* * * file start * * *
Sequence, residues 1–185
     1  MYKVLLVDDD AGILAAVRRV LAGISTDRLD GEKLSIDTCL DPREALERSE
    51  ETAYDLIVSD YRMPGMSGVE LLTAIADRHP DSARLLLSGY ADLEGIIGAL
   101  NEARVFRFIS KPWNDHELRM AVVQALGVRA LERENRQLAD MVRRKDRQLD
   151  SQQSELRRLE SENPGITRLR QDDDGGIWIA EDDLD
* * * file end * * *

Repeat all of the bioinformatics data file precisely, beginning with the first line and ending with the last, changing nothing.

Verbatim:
Sequence, residues 1–185
     1  MYKVLLVDDD AGILAAVRRV LAGISTDRLD GEKLSIDTCL DPREALERSE
    51  ETAYDLIVSD YRMPGMSGVE LLTAIADRHP DSARLLLSGY ADLEGIIGAL
   101  NEARVFRFIS KPWNDHELRM AVVQALGVRA LERENRQLAD MVRRKDRQLD
   151  SQQSELRRLE SENPGITRLR QDDDGGIWIA EDDLD